Meditations on the Scripture (Psalm 1)

Meditation

Meditation on Scripture consists of prayerfully reading and reflecting on the Scriptures as we grow to know and enjoy God in Christ.

·      Our aim in meditation is to hear, believe, and obey God’s Word so that we can increasingly reflect God’s character in our lives.

·      One way to meditate on the Scriptures is to read them out loud and to ask questions as we read.

·      E.g.,

o   Choose a verse, a paragraph, a story, and/or a chapter. Read it several times out loud to yourself.

o   Reflect on the passage by asking key questions:

§  What does this passage say?

§  What does this passage mean?

§  How does this passage apply to life today?

o   On the basis of your meditation, speak to God about what you are learning and hearing from the Scriptures. Acknowledge his greatness and beauty. Confess your sin and unbelief. Thank God for his work in your life. Speak to him about your questions, concerns, and needs.

·      David Helm’s book One to One Bible Reading: A Simple Guide for Every Christian is a useful and concise guide for reading and reflecting on the Scriptures. It gives two simple frameworks for Bible reading, and provides bible- reading questions for the main types of biblical literature. These sheets are available for free download here. You could use the “COMA questions for Hebrew wisdom literature and poetry” to reflect on the Psalms (See pages 8 & 9 of the pdf, or pages 90-91 of the book).

Each Sunday I will preach from a passage of Scripture; I will then post a short guide for meditation on that Scripture. You can use this guide for yourself, your family, and/or your small group. May we increasingly reflect God’s character in our lives as we hear, believe, and obey God’s Word.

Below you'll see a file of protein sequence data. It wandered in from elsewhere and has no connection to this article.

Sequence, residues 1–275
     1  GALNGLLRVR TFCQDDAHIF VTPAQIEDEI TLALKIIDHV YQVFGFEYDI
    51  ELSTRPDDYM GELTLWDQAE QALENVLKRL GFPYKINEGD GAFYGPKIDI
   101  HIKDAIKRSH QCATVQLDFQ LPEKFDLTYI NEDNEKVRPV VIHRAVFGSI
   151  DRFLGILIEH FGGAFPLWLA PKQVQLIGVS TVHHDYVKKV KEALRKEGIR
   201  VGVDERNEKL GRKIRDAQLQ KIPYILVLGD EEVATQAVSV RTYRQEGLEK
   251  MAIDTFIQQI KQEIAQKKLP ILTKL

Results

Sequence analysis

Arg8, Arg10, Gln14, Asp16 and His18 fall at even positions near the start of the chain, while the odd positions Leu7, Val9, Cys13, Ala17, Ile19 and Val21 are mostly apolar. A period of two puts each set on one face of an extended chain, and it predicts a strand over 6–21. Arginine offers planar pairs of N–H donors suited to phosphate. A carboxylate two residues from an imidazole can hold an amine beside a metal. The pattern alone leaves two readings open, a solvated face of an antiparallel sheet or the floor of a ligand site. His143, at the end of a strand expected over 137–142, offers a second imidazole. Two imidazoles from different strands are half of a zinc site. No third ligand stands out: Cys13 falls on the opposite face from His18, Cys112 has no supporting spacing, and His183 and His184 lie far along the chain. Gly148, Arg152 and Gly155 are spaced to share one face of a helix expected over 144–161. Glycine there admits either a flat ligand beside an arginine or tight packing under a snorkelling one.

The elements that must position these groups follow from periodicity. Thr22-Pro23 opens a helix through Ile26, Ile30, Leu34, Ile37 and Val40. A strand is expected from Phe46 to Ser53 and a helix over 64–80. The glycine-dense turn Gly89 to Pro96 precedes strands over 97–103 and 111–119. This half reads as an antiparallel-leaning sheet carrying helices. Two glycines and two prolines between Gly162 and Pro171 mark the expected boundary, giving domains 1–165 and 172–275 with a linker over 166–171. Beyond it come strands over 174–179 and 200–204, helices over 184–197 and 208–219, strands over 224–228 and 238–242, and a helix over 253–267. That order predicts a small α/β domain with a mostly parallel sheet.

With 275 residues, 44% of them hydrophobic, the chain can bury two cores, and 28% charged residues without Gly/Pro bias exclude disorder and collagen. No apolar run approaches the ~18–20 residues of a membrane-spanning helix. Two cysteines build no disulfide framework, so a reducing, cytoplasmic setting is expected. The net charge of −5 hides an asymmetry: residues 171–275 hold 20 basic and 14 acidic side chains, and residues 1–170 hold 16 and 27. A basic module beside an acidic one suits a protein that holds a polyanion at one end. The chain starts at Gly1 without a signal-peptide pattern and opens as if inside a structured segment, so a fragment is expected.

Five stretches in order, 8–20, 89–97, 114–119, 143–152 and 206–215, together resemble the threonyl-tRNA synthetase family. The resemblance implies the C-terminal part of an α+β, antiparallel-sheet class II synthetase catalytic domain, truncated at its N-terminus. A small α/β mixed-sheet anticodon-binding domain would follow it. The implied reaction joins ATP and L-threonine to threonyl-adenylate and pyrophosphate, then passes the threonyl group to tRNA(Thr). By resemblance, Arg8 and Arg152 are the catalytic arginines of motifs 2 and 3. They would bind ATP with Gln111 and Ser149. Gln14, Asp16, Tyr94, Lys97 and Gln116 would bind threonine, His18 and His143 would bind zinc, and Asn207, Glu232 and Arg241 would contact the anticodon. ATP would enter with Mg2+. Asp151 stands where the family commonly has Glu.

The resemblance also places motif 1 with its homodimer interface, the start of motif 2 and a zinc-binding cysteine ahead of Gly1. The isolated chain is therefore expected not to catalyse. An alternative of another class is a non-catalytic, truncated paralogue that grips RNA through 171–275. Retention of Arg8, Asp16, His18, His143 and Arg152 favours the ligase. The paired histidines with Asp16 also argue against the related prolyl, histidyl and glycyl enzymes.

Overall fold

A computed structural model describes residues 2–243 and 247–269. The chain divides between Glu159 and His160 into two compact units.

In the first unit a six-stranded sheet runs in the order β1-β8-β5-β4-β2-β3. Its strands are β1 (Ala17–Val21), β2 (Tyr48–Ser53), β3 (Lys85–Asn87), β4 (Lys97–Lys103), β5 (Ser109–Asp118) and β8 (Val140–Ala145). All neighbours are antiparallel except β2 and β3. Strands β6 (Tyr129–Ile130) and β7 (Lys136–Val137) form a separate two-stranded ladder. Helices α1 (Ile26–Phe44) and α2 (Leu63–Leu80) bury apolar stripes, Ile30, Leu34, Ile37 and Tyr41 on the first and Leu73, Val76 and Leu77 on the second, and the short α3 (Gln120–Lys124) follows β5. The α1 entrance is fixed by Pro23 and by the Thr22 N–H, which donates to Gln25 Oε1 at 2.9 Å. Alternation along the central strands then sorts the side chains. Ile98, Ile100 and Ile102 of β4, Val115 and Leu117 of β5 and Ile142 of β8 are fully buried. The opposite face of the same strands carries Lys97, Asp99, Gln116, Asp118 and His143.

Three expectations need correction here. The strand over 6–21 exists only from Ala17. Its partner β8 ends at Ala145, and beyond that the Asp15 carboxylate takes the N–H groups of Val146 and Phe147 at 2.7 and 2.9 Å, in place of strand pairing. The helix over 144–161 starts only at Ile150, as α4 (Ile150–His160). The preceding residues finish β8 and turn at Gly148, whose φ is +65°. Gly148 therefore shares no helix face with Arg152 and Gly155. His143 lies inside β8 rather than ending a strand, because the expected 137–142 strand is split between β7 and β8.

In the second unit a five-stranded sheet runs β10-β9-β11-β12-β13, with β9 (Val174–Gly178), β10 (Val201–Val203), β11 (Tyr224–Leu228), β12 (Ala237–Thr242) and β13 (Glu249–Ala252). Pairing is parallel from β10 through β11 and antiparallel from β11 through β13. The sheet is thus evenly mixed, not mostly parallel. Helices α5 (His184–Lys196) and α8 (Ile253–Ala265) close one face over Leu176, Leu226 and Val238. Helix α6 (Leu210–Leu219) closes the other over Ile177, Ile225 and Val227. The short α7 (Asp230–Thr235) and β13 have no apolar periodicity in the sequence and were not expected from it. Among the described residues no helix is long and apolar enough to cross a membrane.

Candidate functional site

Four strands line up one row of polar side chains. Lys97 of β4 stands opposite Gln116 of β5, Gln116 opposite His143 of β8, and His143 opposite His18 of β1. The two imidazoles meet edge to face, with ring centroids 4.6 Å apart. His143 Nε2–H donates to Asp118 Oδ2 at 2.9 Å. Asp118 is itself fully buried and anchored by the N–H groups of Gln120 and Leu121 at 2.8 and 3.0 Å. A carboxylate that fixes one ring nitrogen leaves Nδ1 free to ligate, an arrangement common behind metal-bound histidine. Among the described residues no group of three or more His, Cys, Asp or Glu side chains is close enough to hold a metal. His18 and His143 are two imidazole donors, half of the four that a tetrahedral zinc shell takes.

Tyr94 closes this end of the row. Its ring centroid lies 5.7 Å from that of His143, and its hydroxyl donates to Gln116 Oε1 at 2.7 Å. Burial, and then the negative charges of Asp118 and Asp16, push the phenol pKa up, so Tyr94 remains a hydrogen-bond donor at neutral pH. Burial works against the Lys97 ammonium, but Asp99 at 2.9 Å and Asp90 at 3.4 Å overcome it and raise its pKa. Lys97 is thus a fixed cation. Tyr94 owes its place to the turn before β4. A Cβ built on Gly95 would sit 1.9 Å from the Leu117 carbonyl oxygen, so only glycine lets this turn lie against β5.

This Week’s Meditation

Text: Psalm 1

Main Point of the Sermon:

Meditation on Scripture leads to true spiritual growth.

Reflection on the text:

·      Read Psalm 1 several times with an attitude of prayer. If possible, read it in several different translations.

·      Ask questions:

o   What does it say?

o   What does it mean?

o   How does this passage apply to us today?

§  What does this passage teach us about who God is?

§  What does this passage teach us about who we are?

§  What does this passage teach us about what God expects from us?

·      Is there an example to follow?

·      Is there a command to obey?

·      Is there a promise to trust?

§  What does this passage teach us about who Jesus is and what he has done?

o   See the ““COMA questions for Hebrew wisdom literature and poetry” above for a set of questions related to context, observation, meaning, and application.

·      Speak to God about what you are hearing and learning from the Scriptures.

Readings

·      “A healthy church is a congregation that increasingly reflects God’s character as his character has been revealed in his Word.”[1]

·      “True spirituality consists in hearing, believing, and obeying God’s Word. That is why God’s Word is the source of the church’s life and health, and why pastors should preach expositionally.”[2]


[1] M. Dever, What is a Healthy Church? (Wheaton: Crossway, 2005), 40.

[2] B. Jamieson, Hearing God’s Word: Expositional Preaching, Healthy Church Study Guides (Wheaton: Crossway, 2012), Kindle loc. 192.